One of the most terrifying events imaginable is the destruction of property–or even life–in a fire. Even if everyone makes it out okay, you know that many of your cherished memories and probably some valuables are gone forever. There are some things that insurance money simply cannot replace. Even though this possibility is scary, sometimes knowing that it’s happening to people you care about is just as bad. What happens when you look next door and there’s smoke pouring from inside your neighbor’s house? It can be difficult to know what to do during a time of panic, and you’ll want to know how to help the most.
First, don’t assume that someone else will call 911. Don’t wait in an effort to find out if it’s already been done, either. Do it yourself, and do it right away. Second, do not put yourself in danger. Legally, it’s best to help from outside. Putting yourself in harm’s way could make the problem even worse. If your neighbors escape through the back door but you go in the front, someone might then come looking for you. Keep in mind that if any help you provide actually results in more damage to the property or even surrounding homes, you might be liable for whatever your neighbor’s insurance does not cover. Even if you’re just trying to help, you have to think about your own wellbeing too.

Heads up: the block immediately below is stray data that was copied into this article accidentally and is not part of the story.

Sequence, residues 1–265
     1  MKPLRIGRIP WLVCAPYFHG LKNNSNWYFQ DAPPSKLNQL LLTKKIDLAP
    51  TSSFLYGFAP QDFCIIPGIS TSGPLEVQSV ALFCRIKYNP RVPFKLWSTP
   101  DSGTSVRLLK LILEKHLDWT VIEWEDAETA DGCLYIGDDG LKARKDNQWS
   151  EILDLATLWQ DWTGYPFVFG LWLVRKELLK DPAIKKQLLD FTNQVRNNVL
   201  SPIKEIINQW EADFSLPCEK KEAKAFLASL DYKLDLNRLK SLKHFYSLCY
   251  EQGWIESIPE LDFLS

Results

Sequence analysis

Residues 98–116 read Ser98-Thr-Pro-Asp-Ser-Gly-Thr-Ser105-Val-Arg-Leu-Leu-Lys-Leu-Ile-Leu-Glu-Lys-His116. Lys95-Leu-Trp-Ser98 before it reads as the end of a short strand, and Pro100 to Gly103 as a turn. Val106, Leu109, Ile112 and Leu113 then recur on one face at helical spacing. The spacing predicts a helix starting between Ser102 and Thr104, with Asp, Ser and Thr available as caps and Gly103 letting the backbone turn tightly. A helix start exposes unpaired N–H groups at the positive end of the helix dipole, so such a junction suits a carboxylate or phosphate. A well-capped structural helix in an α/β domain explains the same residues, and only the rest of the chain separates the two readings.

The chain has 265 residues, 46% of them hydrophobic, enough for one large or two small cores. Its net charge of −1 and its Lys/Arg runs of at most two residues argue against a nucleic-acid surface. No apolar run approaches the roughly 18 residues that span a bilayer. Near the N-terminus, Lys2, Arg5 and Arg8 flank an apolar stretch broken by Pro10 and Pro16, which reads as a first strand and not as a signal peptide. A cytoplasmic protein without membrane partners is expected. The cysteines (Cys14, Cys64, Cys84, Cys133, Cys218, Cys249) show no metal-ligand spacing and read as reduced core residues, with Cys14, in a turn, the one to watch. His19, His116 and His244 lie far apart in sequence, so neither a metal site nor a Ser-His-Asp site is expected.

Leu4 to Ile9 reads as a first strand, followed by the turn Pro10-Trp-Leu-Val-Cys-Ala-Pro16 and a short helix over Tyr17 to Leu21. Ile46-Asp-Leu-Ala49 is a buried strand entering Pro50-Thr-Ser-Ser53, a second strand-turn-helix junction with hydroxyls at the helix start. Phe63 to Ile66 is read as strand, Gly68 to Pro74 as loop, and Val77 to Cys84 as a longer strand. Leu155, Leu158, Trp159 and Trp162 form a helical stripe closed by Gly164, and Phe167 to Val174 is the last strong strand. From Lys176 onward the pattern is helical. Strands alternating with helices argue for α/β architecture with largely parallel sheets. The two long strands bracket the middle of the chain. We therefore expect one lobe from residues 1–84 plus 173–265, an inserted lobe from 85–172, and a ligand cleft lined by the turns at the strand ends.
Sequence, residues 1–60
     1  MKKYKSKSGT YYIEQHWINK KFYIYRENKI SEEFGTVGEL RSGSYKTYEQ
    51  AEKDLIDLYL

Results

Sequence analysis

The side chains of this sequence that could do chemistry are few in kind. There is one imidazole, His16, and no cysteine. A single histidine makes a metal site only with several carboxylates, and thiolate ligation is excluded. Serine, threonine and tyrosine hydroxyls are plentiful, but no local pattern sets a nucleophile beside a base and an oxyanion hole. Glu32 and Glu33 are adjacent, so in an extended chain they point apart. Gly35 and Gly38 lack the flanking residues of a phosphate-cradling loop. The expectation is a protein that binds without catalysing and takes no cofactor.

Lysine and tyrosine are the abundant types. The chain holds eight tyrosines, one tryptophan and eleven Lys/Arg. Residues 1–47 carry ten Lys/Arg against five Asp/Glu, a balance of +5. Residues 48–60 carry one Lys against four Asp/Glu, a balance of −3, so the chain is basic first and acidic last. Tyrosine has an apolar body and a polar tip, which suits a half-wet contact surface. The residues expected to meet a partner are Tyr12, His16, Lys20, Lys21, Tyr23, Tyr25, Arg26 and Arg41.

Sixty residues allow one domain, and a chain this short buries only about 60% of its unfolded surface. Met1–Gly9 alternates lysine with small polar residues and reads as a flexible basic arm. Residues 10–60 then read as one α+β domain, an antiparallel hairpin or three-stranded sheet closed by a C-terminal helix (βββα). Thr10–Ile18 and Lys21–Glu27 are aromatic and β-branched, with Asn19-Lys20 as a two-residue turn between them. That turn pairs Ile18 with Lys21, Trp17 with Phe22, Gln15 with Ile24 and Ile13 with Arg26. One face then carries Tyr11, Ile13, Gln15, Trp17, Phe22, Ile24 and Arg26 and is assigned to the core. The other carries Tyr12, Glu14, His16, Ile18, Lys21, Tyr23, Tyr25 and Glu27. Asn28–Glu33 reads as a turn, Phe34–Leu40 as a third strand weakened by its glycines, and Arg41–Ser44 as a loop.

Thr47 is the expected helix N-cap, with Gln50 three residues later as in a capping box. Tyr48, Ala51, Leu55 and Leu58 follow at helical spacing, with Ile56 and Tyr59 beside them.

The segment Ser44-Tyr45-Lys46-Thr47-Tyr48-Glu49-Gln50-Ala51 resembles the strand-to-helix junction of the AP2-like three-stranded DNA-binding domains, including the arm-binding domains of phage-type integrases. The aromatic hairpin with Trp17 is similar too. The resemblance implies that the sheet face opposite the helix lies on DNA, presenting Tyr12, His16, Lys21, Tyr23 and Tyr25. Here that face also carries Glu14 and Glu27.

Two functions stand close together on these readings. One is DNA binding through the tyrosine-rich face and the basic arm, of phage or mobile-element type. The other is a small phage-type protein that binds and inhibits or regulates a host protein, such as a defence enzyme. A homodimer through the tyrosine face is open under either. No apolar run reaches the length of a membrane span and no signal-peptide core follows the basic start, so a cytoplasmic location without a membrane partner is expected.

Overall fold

Things can get more complicated the bigger the fire becomes, especially in a densely packed residential area. Sometimes a fire will move from one home to the next, and in this case liability becomes a primary concern for everyone affected. If your own home was damaged because of a fire at a neighbor’s home, then be sure to document the area as best you can, and provide a full report of whatever happened to the authorities. After that, submit a request to your own homeowners insurance. They might cover some of the damages, or they might hassle your neighbor’s insurance company to cover the costs. Either way, it shouldn’t remain your responsibility.
The same is true if your neighbor’s negligence caused your own home to catch fire. In the worst case it could turn into a criminal issue, but that’s for the authorities to decide. Do your best to provide a true and unbiased accounting to any questions you might be asked by police or insurance investigators. These questions might be extremely uncomfortable, but they’ll save everyone a lot of trouble down the road.
That’s it. There’s not much you can do if your neighbor’s house is on fire. Call the authorities, provide whatever first aid you can a safe distance away from the burning home, and let firefighters do their work. Then again, if your neighbors ask for your garden hose–turn on the water.
Here is a video of someone’s neighbor’s house on fire – quite a scary event!